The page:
A wee cup of tea

Quash­ing doubts and risk­ing the dre­ich weather, Scot­land’s first tea plan­ta­tion is caus­ing a stir. Kevin Pil­ley talks to the man cre­at­ing a storm in a teacup

Country Life Every Week - - In The Garden -

AM O’BRAAN spent four years liv­ing on a ca­noe in the Ama­zon, was bit­ten by a deadly snake in Brazil and was shot at on the Thai/burma bor­der—all of which pre­pared him nicely for his cur­rent chal­lenge: pro­duc­ing Scot­land’s first tea. ‘Tea thrives in fairly hos­tile con­di­tions. Price is de­ter­mined by qual­ity and largely de­ter­mined by stress, which the Scot­tish weather am­ply pro­vides,’ he grins.

Tea-grow­ing over the bor­der isn’t a new idea—dur­ing the Se­cond World War, there were plans to plant tea in Scot­land, spurred by Churchill, who be­lieved a cup of tea to be ‘fun­da­men­tal to Bri­tish morale’. It may not have come into fruition then, but it cer­tainly has now—mr O’braan’s Dal­re­och White is one of the most ex­pen­sive and best teas in the world, re­tail­ing at £40 per 20g tin at Fort­num & Ma­son. The Dorch­ester’s tra­di­tional af­ter­noon tea also now in­cludes a va­ri­ety of Dal­re­och teas.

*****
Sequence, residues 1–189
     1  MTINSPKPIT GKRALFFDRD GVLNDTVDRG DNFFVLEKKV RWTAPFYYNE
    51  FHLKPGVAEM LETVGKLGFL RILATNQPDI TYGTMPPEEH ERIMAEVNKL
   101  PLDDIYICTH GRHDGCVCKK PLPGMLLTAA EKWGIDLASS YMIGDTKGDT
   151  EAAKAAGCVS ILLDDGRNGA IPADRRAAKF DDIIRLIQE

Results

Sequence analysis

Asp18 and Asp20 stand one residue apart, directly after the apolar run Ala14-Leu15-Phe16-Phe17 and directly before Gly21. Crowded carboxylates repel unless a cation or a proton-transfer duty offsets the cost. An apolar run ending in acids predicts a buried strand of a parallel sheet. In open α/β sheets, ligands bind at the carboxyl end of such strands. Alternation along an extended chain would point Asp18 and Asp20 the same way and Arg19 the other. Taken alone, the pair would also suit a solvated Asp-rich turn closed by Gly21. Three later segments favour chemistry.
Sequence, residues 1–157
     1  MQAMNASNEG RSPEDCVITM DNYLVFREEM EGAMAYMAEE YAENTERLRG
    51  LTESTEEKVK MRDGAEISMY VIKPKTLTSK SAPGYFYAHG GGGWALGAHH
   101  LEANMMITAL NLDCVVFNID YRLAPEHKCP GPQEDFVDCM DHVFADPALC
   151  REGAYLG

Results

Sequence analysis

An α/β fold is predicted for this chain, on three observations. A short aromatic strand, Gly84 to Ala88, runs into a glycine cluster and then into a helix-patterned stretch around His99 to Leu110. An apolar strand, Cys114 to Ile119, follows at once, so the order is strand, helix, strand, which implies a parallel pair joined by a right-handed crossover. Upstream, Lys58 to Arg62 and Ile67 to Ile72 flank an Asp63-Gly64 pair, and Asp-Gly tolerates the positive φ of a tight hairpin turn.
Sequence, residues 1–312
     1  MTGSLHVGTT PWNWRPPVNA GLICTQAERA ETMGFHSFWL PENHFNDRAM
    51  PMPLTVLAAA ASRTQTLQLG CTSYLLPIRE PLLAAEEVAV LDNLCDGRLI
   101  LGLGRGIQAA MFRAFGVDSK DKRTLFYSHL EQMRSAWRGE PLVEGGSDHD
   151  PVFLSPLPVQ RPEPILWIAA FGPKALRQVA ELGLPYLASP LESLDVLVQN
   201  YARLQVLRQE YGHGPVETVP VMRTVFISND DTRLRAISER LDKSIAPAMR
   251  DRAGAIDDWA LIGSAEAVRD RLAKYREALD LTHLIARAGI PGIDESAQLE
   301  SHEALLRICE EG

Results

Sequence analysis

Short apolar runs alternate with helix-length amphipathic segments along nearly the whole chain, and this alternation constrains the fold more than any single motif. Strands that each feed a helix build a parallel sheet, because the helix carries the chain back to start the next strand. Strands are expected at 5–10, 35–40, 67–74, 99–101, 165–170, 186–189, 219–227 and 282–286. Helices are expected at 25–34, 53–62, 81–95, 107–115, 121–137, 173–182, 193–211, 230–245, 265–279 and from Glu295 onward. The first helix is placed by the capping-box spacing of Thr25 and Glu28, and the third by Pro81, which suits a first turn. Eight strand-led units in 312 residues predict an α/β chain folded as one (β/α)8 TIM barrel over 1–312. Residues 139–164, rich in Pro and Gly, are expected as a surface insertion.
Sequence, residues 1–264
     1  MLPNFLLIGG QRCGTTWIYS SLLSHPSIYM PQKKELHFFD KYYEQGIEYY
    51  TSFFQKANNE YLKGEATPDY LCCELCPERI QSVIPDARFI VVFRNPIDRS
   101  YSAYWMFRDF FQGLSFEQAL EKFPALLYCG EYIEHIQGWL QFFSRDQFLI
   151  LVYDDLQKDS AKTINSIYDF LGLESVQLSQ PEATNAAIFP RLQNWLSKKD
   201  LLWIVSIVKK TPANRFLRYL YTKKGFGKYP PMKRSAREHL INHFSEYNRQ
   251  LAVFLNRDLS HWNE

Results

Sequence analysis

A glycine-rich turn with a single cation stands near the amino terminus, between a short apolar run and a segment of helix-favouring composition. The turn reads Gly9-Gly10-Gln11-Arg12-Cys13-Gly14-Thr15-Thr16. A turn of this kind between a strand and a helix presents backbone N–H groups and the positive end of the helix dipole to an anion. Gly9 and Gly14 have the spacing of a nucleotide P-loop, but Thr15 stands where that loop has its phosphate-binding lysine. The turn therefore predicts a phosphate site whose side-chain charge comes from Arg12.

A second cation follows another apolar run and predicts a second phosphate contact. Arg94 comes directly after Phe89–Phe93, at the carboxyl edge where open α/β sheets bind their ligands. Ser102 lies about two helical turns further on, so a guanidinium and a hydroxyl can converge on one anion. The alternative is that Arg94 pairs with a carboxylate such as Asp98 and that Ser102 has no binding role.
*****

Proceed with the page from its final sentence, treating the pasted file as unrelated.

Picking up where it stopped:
With the Wee Tea Com­pany at Dal­re­och—gaelic for ‘Field of Kings’— in Perthshire go­ing from strength to strength, Mr O’braan has planted a new

Ttea gar­den in Jed­burgh and, in Septem­ber, he planted the world’s most northerly tea es­tate in Orkney. His ef­forts have also in­spired new en­thu­si­asts—the Scot­tish Tea Grow­ers’ As­so­ci­a­tion, founded by Mr O’braan, has 12 mem­bers and rep­re­sents the world’s youngest tea es­tates.

Mem­ber An­gela Hur­rell pro­duces Monarda-scented Gar­rocher Grey, a tea that was given out at this year’s RHS Chelsea Flower Show and is the first Scot­tish-grown tea to be re­lo­cated to Eng­land, now spring­ing up on The Dorch­ester’s rooftop tea ter­race. Fel­low mem­ber the rev Liz Gib­son, a min­is­ter of the Church of Scot­land, of­fers teapick­ing breaks at her croft on Mull, pro­duc­ing Isle of Mull Matcha tea as well as Scot­tish Antler—‘it’s not re­ally made from deer,’ Mr O’braan laughs. ‘Just a catchy name to keep spread­ing the brews.’

Antler Tea was also pre­sented to Barack Obama as a gift from First Min­is­ter ni­cola Stur­geon dur­ing her 2015 visit to the USA. new grower Elma Ball at Bo­hall Farm in Dum­friesshire is plan­ning to ex­per­i­ment with pe­ony tea.

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